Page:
Posted: 17 Jan 2019 02:27 PM PST
Data is one of the most powerful tools any organization or business can utilize to make decisions, demonstrate results, or create computational breakthroughs, such as algorithms that can predict medical conditions in patients.
As the demands around data and computational science expand, so does the need for a community of experts well-versed in implementing best practices and carrying out innovations that arise from research.
To develop such skills and knowledge in practitioners, the Institute for Applied Computational Science (IACS) at Harvard's John A. Paulson School of Engineering and Applied Sciences (SEAS) and the Institute for Quantitative Social Science (IQSS) are each hosting sessions from Jan. 22 to 25 to explore data and computational science work being done at Harvard and in the community.
DataFest 2019, a two-day workshop from Jan. 22 to 23 at the Center for Government and International Studies, will showcase the wide array of data science work from across the University. Hosted by the IQSS, the workshop will include lectures and sessions focused on data concepts and developing skills for managing, analyzing, and visualizing data.
"The main goals are for people to come away with a much clearer conception of the data lifecycle, from getting data for their research to analyzing it and sharing it with others, and to acquire some of the skills needed to implement best practices for handling data at each stage of the lifecycle," said Mercè Crosas, Harvard research data management officer at the Office of Vice Provost for Research and chief data science and technology officer at IQSS.
The DataFest speakers run the gamut from experts in the physical and biological sciences to specialists in the humanities. There are two types of sessions at the conference: faculty members walking through data-analysis-use cases, and research facilitators presenting workshops on data management, visualization, and analysis.
"Providing support and training on working with data requires the collaboration of many groups across Harvard —including the Harvard Library, Harvard University Information Technology, the Office of Vice Provost for Research, research computing and data science teams from the Faculty of Arts and Sciences, Harvard Medical School, Harvard Business School, IQSS, the Chan School bioinformatics core, and the digital humanities support group," Crosas said. "The unique value of DataFest is that it brings together the expertise and services of all these groups to offer practical data workshops for the entire Harvard community."
Presenters will include Jeff Lichtman, the Jeremy R. Knowles Professor of Molecular and Cellular Biology, reviewing a case study looking at neural connections in the brain and using his data to visualize it; and Jill Lepore, the David Woods Kemper '41 Professor of American History, reporting on using qualitative data in history research. Workshops will include techniques to scrape data from any website, to manage sensitive data, and to learn how the European Union's new data-protection law can affect researchers.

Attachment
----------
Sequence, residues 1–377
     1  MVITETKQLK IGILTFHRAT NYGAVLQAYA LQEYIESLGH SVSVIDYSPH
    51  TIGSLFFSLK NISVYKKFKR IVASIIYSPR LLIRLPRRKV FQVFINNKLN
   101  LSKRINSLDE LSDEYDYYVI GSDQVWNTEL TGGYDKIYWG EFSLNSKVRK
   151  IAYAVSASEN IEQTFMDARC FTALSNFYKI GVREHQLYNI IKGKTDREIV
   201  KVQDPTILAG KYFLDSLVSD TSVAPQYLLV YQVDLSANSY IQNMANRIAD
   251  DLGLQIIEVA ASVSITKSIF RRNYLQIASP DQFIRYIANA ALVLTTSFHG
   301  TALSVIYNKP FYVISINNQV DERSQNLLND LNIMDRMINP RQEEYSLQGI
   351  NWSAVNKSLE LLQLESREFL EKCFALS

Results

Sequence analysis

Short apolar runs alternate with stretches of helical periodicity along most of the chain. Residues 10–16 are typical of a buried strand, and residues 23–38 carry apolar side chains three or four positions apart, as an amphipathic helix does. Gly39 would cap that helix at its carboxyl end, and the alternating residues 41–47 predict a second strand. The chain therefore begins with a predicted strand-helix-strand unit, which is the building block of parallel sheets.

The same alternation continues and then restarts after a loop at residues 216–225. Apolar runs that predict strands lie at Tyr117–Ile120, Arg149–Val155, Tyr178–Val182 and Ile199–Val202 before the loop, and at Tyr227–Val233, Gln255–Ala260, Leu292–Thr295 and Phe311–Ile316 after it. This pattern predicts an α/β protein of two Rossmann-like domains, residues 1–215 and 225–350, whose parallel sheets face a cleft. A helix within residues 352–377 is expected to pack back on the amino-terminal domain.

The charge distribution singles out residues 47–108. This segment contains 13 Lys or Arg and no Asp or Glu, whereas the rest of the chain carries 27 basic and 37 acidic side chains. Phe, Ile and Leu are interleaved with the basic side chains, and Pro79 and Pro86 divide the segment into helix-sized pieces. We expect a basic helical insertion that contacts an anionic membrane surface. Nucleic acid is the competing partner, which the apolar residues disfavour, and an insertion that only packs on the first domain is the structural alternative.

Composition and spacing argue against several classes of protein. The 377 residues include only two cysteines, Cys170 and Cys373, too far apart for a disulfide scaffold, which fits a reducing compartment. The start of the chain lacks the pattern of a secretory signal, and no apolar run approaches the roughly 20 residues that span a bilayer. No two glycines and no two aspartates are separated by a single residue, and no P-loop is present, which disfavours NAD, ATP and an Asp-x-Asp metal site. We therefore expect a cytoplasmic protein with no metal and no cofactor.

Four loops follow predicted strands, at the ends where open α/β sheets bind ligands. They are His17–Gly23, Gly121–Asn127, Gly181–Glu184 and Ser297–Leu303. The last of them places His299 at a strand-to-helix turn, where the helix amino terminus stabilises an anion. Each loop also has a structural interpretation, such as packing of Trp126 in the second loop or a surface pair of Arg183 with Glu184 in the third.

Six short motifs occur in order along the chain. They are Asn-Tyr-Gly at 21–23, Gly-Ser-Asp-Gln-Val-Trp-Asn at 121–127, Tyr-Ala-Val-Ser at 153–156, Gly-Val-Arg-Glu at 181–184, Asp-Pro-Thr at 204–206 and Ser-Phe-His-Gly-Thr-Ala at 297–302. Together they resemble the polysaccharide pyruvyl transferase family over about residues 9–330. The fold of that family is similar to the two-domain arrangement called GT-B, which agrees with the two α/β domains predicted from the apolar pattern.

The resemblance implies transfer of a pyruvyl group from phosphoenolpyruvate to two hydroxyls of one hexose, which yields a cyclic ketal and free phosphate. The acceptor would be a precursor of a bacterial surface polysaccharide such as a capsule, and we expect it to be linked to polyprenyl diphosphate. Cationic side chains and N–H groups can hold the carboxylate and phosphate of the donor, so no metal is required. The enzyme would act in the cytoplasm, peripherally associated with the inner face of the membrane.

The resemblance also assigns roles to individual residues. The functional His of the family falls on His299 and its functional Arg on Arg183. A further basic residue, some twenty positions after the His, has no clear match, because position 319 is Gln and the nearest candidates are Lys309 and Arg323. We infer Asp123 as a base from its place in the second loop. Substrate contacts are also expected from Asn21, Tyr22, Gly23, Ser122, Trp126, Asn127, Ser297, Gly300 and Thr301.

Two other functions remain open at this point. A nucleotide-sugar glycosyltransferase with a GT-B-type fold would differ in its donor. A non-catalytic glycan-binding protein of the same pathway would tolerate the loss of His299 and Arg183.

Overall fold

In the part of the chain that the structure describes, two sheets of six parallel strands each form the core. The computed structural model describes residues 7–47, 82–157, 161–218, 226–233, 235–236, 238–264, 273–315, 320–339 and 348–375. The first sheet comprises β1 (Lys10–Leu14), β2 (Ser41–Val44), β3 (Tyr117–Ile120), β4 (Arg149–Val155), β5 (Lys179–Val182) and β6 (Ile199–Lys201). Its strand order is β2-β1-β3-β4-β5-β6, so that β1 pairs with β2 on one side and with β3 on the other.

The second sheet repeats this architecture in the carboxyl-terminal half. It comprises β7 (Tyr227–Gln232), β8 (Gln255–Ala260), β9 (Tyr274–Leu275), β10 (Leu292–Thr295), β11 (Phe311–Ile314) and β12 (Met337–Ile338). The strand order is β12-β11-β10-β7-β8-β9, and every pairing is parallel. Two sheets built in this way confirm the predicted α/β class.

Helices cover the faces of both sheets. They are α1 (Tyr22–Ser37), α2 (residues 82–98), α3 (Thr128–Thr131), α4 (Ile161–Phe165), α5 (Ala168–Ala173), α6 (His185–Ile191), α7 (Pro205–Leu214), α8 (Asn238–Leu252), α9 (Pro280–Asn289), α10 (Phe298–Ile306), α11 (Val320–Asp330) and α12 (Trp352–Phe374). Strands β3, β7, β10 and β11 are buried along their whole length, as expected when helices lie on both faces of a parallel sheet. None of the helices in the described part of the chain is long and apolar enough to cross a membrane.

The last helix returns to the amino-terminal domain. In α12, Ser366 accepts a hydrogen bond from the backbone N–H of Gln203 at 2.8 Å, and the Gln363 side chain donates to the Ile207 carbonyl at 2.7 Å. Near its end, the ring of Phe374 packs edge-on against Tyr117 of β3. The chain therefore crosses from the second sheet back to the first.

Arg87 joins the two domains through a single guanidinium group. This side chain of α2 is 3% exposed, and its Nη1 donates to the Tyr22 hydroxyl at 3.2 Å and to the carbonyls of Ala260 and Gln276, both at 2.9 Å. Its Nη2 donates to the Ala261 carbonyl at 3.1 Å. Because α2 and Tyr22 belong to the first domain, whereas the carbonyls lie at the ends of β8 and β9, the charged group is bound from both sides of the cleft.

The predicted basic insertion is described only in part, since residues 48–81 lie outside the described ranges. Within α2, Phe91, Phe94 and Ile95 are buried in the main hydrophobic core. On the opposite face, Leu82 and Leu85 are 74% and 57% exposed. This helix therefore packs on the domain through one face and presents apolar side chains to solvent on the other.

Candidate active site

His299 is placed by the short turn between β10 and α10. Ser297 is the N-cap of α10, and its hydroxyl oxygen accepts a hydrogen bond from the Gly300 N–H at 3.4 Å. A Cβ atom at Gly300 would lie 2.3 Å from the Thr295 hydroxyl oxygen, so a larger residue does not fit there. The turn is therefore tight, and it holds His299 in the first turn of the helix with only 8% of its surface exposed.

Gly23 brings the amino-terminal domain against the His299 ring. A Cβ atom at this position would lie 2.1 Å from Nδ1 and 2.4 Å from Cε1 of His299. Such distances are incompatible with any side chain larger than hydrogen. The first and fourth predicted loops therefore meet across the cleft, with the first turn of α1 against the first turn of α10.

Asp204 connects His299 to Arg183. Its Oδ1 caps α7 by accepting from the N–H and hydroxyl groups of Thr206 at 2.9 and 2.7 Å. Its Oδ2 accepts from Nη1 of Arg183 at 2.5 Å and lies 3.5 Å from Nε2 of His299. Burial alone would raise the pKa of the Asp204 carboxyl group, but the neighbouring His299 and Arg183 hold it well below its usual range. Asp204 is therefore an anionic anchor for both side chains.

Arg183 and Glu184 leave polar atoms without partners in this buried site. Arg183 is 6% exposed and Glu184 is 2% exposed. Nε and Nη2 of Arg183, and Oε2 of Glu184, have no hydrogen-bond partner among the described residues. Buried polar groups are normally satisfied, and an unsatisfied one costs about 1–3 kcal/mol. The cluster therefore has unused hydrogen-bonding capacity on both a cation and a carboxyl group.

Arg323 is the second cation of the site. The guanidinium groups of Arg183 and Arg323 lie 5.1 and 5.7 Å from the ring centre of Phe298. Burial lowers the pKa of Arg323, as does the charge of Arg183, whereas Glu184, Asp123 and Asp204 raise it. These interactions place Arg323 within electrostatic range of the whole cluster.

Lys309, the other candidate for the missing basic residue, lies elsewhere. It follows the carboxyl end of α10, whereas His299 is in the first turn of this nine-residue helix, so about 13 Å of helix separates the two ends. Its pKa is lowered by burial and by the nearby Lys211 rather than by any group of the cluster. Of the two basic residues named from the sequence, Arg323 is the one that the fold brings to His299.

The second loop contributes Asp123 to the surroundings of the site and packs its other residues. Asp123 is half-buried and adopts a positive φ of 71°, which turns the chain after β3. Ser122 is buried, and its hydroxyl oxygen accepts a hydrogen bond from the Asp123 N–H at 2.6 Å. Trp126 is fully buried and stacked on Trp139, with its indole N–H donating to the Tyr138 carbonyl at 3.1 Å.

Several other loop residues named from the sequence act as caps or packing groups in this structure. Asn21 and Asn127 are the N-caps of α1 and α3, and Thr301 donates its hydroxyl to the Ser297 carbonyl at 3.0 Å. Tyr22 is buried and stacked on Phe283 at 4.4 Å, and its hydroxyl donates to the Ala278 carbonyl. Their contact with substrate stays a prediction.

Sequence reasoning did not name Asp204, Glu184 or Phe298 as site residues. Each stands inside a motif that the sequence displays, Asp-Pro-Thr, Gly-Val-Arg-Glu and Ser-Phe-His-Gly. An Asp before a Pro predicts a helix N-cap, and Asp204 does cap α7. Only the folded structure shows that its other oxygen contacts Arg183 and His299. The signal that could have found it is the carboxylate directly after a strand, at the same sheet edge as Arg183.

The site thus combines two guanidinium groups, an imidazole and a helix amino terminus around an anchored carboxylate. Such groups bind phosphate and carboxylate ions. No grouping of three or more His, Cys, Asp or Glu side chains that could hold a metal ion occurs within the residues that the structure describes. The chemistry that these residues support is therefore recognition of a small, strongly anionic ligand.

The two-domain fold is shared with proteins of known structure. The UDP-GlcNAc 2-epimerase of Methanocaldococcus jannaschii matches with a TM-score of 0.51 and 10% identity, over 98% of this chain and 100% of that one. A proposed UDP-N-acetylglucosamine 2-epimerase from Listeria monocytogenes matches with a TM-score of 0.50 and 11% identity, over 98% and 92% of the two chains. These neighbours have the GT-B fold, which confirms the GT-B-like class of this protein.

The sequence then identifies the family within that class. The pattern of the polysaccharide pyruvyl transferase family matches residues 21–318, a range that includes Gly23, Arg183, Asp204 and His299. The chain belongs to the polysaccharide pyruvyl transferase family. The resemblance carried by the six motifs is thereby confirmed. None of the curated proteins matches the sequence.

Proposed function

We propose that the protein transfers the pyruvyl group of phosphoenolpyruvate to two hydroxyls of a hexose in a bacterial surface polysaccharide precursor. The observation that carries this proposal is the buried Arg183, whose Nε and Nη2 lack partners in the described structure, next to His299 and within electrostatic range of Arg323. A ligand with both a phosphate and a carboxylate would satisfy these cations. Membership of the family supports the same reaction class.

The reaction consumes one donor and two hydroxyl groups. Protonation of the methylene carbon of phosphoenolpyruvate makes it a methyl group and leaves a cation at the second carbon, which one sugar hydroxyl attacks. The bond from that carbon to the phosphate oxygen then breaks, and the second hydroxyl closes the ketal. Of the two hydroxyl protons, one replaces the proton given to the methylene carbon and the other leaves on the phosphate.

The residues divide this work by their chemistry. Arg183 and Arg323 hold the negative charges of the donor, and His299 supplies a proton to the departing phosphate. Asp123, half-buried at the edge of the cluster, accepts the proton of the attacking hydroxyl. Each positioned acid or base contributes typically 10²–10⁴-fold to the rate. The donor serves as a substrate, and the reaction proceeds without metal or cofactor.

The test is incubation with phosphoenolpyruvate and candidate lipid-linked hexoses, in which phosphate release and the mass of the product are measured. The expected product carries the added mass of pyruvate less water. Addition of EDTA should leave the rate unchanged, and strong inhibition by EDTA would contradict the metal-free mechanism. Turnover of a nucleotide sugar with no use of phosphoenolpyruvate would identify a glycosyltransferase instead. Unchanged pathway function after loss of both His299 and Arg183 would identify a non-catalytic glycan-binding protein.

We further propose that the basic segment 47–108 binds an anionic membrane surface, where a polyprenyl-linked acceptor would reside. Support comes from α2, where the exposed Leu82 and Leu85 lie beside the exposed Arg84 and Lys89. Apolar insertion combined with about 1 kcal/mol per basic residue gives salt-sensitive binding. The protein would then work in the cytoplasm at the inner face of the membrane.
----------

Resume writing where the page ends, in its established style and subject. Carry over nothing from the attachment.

ComputeFest 2019, hosted by IACS from Jan. 22 to 25 at SEAS, brings together researchers, faculty, students, and professionals in computational science, engineering, and data science to discuss the newest thinking and approaches around machine learning, a subset of artificial intelligence that uses algorithms to help computer programs learn tasks they were not programmed to do.
Created in 2011, ComputeFest includes a symposium, usually on a broad topic, and workshops that dive deep into the year's theme. This year's focus, "Data Science at the Frontier of Discovery: Machine Learning in the Physical World," shows significant developments in computational power, design, and analysis, said Catherine Chute, assistant dean for professional programs and executive director at IACS.
"Our natural world is more observed than ever before," she said. "Seismic probes and satellites continuously monitor the earth and sky; high-powered telescopes and microscopes map the farthest star and smallest molecule. Increasingly, the physical sciences are turning to machine learning to sift through, analyze, and make predictions from big data. The symposium will help us think about questions like: Can we predict natural catastrophes with greater precision? Can we use machine learning for the detection of gravitational waves?"
At the ComputeFest workshops, participants will learn techniques in machine learning, such as how data tools used for language processing are developed, and how to build applications for image classification and object detection.
The learning at DataFest and ComputeFest complement one another since one conference focuses on broad topics in data management, visualization, and analysis, while the other allows participants to dive deeper into advanced machine learning topics, said Chute and Crosas.